The Bay Area TV Archive operates out of a few rooms in the back of the San Francisco State library. None of the equipment that crowds Cherian's small office looks very high tech, and a majority of it isn't. His most-used tool is a film rewind table: two reels and a hand crank.
The first step to recovering any film is to spin it on the rewind table from one reel to the other, hand-cleaning and repairing it frame by agonizing frame.
“Often it is very, very dull and repetitive,” Cherian says.“The payoff has to be worth it if you're going to get involved in this business.”
When I ask Cherian what payoff he's hoping for now, he says he's looking for the last interview Robert Kennedy gave before he was assassinated.
Cherian secured federal funding for his archive three years ago, in part because he was putting the recovered film online, making it public. The clips run the gamut, from arts material like this interview with Janis Joplin and Big Brother & The Holding Company to news footage like this clip of protesters and police clashing on the San Francisco State campus to a report on the assassinations of Harvey Milk and Mayor Moscone.
Since he started uploading the footage, interested parties contact Cherian daily. They want to add historical context to the clips or correct some fact he's got wrong, or ask to see more. The public nature of the project is what compelled Dave Peoples to call Cherian about the film that was decomposing in his storage facility.
Cherian says most of the local programming in the Bay Area from the 1950s is gone, along with about 40 percent from the ‘60s and ‘70s. The ‘80s are even worse -- a black hole, he says. That's when stations used a type of tape that degrades quickly. But even today, long after stations started preserving their material, many lack easily searchable databases or digital backups.
Peoples, the ex-editor, has a fetish for film, which he's worked with most of his life, cutting for both newscasts and features. In his dark, dank storage facility in Berkeley, there are reels everywhere, some in corroding metal cans and other bits lying in the open.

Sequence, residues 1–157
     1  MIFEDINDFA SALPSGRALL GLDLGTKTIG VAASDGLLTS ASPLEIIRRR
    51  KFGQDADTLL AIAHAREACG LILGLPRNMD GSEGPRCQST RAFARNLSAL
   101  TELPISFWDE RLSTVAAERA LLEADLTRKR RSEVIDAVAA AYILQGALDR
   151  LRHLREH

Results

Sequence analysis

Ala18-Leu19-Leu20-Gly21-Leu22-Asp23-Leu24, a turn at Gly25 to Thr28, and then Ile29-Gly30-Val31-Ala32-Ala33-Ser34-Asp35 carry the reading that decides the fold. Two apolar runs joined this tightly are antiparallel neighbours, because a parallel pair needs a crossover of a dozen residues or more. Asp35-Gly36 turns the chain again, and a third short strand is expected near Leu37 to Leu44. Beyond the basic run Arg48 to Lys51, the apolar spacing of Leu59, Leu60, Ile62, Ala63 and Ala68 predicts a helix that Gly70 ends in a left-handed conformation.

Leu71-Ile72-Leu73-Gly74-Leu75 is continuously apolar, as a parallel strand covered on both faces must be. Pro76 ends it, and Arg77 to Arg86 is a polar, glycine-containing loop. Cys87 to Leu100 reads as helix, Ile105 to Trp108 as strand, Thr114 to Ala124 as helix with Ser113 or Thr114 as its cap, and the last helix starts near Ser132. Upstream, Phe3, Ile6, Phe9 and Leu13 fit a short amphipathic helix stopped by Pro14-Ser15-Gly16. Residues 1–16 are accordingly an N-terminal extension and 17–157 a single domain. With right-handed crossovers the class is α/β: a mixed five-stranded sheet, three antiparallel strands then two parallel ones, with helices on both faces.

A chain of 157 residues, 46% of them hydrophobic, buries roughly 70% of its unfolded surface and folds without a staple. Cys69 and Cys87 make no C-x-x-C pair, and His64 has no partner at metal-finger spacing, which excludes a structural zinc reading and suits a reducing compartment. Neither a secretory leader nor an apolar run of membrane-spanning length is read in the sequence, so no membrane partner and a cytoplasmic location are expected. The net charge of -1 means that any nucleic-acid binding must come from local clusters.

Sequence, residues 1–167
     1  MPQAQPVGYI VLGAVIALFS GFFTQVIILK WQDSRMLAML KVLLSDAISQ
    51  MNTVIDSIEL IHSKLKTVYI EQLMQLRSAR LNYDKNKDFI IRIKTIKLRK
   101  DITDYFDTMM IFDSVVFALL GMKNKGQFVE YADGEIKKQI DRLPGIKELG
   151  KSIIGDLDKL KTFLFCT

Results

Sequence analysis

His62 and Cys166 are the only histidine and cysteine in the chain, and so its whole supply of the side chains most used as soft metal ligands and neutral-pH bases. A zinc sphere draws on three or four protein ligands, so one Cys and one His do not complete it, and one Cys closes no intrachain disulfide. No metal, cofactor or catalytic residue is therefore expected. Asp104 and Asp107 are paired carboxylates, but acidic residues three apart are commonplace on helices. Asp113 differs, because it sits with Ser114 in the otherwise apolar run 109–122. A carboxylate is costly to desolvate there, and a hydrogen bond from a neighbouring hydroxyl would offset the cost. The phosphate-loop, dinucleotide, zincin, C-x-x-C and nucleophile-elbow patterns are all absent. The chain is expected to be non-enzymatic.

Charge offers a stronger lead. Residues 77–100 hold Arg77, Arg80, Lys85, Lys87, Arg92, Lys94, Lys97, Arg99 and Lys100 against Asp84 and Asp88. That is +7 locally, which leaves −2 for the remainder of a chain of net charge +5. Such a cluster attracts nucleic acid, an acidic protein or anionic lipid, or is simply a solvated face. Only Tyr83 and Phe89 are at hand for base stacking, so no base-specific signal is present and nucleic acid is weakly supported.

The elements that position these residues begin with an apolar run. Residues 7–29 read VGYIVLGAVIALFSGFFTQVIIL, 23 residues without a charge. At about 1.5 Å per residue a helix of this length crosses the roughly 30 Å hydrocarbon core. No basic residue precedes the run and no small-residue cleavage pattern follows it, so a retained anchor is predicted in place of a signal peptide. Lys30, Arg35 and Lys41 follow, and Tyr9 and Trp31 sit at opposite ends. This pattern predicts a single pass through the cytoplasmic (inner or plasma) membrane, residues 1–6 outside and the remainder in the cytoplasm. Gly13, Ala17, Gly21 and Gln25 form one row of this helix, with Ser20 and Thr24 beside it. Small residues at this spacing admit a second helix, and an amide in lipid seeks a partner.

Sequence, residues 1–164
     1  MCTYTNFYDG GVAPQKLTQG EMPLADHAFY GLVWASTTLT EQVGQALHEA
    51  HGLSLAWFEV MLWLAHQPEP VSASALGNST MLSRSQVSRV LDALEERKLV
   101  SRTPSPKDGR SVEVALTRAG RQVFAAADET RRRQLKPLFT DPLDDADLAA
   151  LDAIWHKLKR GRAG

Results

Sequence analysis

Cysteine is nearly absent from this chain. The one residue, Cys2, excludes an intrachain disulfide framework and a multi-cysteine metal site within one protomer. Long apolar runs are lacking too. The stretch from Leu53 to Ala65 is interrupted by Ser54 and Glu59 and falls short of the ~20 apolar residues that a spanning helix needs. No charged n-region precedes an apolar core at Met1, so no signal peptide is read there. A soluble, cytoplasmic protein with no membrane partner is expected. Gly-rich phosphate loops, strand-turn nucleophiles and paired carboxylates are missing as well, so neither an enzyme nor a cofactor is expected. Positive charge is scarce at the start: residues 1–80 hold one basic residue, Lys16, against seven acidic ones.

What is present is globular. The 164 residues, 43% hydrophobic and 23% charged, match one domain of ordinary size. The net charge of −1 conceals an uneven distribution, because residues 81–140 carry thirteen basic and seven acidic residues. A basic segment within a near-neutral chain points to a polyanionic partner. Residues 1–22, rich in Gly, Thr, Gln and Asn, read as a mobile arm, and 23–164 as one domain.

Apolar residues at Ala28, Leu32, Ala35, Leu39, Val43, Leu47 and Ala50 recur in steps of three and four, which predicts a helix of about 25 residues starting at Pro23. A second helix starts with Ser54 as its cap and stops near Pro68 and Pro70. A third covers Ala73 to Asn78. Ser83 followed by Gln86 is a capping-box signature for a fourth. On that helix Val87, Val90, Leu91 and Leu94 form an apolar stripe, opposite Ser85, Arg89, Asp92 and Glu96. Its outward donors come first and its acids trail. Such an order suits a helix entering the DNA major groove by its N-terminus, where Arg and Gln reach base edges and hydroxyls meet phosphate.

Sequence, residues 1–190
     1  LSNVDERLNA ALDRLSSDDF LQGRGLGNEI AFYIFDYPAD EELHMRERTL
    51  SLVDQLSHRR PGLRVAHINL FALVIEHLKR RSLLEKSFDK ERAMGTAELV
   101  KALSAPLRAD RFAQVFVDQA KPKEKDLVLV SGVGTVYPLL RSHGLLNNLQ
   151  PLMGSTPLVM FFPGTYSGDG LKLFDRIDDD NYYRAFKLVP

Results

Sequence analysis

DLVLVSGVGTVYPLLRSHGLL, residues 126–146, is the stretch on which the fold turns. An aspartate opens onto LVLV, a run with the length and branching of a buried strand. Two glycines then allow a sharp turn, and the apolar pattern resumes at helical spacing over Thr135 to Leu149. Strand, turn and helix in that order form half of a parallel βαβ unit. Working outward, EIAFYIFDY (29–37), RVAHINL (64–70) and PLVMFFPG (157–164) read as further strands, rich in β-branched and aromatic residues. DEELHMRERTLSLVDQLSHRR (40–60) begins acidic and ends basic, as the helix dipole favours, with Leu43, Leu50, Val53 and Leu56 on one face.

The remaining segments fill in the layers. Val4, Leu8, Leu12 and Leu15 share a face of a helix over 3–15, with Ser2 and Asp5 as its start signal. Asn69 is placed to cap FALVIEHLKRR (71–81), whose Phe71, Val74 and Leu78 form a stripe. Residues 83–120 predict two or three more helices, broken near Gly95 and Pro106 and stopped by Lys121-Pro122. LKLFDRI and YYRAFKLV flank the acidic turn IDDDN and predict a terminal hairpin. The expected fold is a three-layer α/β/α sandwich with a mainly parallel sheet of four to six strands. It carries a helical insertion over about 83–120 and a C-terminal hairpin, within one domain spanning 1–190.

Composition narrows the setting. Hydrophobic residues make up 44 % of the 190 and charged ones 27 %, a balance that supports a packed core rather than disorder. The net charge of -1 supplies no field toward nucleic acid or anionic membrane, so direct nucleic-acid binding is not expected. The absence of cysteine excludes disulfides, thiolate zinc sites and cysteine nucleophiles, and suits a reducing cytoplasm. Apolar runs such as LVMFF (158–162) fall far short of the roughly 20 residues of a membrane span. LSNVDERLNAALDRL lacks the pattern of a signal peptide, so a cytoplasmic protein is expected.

The Golden Age of News Footage
Peoples gets wistful as he reminisces about the old days at KRON-4. Unlike today, Bay Area TV stations in the ‘60s used to send out large teams of camera and sound personnel along with reporters; they captured footage of the Black Panther movement, police violence on Bay Area campuses and the Native American occupation of Alcatraz, among other historic events. Peoples loved that film so much, he couldn't bring himself to toss it, as he was told. Instead, he sneaked it home, squirreling it away for years.
“I didn't have a methodical way of doing it,” he says. “I would just look on the piece of tape we put on the thing and it would say Bobby Seale in Oakland or something and I'd say, oh you can't throw out Bobby Seale in Oakland, that's history, right?”
Back in his office, Alex Cherian plays that clip of Seale. It's 1968 and Supreme Court Justice Thurgood Marshall has just denied bail to fellow Black Panther leader Eldridge Cleaver.
“Black People are not making any progress,” Seale says. “The revolutionary struggle should go on forth. Thurgood Marshall, as far as I'm concerned, his ass belongs to black people, his ass belongs to black people.” Then you can hear a reporter telling the cameraman to cut.
Peoples only saved about 10 hours of film, mostly civil rights and protest footage. Cherian has cleaned up and edited some of the material, but the rest sits in a box on the archive shelves, an unfinished project. The Bay Area TV Archive is mostly a one-person operation, and Cherian says without a staff, he just doesn't have the ability to go through it all, about 4,000 hours from local stations KTVU, KPIX, KRON-4, and KQED, among other sources. Even though he's been at it for three years, Cherian has only been able to put about 4 percent of it online. He says “some of the film will be in the wrong can, some will be unlabeled, who knows what we have.”
Because the task is so overwhelming, Cherian works off of leads. When KRON-4 reporter Art Finger told him about the Robert Kennedy interview, he put his other projects on hold. Finger remembered interviewing Kennedy on his charter plane, three days before his assassination. After rifling through the KRON collection for hours, Cherian finally found the right can. As he spun the frames on the rewind system, he saw Kennedy all right, but he couldn't find the plane footage. The film, he discovered, was from the wrong day.
Robert Kennedy's last interview, it turns out, could be anywhere -- unlabeled or in some other can.
Or lost forever.